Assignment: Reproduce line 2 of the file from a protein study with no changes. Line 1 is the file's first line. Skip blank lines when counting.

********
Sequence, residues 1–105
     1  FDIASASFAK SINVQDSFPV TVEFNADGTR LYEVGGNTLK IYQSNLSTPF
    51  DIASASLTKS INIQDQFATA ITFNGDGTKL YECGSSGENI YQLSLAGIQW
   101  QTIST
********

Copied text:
     1  FDIASASFAK SINVQDSFPV TVEFNADGTR LYEVGGNTLK IYQSNLSTPF